For whom the Neotropical Companion (hereafter simply the Companion) is a bit on the heavy side, there is another, more easily accessible book called Monkeys are made of chocolate. It is written by Jack Ewing who bought a cattle and rice farm at the Pacific Coast of Costa Rica, somewhat north of Uvita. After a couple of years he decided to stop farming and turn it into a private nature reserve. That was in the 1970s. Hacienda Barú later received recognition as an official Nature Reserve and one can still visit it and take guided tours.
Jack Ewing wrote columns for local newspapers and some of these have been bundled in Monkeys are made of chocolate. In over 30 chapters he tells interesting stories about the hacienda, nature, evolution, sloths, biodiversity, reforestation and much more.
Some funny were the one where Ewing wonders, if vultures eat dead animals, what eats dead vultures? The answer is surprising but I won’t spoil it for you. Then there is the issue about sloths. Once a week they go down whatever tree they are in to relieve themselves. All biology books claim that they always go down the tree. It is a bit of a mystery why, but Ewing suddenly is not so sure about the ‘always’ part.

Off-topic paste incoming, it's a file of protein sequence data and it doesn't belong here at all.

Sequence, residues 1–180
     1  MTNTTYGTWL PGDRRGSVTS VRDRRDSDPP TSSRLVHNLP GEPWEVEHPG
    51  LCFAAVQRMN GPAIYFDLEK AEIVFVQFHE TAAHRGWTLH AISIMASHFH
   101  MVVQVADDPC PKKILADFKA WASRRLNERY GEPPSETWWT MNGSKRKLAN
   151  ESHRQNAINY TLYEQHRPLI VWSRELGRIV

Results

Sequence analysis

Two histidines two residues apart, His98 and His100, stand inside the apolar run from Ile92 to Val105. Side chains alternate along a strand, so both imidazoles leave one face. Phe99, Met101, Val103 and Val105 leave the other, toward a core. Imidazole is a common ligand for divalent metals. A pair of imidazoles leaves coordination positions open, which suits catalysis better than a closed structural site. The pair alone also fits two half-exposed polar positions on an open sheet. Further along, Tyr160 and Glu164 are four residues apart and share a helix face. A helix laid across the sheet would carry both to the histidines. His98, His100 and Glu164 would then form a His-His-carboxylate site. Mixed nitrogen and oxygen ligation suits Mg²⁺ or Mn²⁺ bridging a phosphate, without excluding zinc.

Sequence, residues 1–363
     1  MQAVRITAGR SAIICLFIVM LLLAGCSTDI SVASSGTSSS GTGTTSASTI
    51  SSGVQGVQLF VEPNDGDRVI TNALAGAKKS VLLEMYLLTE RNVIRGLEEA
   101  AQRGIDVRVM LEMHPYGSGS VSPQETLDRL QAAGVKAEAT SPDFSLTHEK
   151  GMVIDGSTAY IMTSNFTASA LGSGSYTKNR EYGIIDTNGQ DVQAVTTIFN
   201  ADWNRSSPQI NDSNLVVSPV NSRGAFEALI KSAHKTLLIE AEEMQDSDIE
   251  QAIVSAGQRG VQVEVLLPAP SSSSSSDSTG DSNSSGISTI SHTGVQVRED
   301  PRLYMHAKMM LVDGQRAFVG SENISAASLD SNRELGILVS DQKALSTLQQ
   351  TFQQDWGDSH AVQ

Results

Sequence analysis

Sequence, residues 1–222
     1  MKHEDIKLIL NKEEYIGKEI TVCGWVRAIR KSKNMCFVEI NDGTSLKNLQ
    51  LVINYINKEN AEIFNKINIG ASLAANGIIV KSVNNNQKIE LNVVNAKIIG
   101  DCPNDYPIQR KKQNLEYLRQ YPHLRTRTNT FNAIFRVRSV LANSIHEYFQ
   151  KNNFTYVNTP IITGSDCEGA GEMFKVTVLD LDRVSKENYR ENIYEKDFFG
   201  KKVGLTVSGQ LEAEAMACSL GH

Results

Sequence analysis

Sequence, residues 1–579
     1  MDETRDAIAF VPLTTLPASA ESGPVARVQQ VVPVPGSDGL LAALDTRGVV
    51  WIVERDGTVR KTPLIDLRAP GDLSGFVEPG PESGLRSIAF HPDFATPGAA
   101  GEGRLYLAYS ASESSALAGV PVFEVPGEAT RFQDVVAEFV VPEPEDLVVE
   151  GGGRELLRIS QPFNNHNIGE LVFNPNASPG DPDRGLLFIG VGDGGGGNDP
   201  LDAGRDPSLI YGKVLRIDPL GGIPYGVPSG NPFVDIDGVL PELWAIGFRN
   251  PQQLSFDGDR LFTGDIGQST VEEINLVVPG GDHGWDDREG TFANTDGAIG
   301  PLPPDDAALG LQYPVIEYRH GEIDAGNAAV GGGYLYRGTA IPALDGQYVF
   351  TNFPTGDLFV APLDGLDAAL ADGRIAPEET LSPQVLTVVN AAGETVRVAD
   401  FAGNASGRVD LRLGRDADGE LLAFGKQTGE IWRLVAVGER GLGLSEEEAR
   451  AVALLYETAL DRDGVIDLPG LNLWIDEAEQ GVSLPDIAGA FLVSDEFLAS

The book deals with a lot of topics, but lacks the systematic approach of the Companion. Then again, some of the topics do get more attention than they get in the Companion. There is a very interesting chapter about the leaf cutter ants, adding a lot to the summary of the Companion.
Arguably, the two books complement each other because the Companion provides the scientists’ introduction, whereas Monkeys are made of chocolate gives the view of the farmer-turned- conservationist. On the wider issues of biodiversity, evolution and deforestation the authors fully agree.
Jack Ewing (2005, 2011) Monkeys are made of chocolate. Masonville : PixyJack Press.